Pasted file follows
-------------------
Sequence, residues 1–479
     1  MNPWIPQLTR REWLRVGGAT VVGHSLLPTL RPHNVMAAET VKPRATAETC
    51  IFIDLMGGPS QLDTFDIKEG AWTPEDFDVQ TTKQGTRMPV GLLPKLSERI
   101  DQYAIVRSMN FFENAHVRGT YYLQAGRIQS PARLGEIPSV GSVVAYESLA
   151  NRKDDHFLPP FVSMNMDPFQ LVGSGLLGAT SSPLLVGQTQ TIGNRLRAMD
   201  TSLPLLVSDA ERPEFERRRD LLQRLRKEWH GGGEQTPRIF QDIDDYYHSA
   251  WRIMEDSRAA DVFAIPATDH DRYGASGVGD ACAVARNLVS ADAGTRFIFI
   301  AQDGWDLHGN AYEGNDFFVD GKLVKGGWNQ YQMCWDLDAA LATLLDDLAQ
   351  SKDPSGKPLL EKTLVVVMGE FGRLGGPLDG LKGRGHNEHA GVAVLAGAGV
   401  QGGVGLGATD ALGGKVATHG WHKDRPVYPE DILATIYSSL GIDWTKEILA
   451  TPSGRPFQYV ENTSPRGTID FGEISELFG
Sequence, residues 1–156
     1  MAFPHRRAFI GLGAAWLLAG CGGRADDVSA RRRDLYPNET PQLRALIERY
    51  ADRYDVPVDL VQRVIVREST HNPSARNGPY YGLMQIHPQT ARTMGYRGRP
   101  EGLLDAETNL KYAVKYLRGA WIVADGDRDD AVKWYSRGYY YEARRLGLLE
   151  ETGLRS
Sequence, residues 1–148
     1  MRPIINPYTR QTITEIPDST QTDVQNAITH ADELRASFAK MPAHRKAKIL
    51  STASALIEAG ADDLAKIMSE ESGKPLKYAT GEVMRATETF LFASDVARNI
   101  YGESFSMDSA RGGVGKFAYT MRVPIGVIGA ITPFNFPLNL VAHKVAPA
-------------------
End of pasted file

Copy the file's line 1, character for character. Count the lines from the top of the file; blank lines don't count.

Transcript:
Sequence, residues 1–479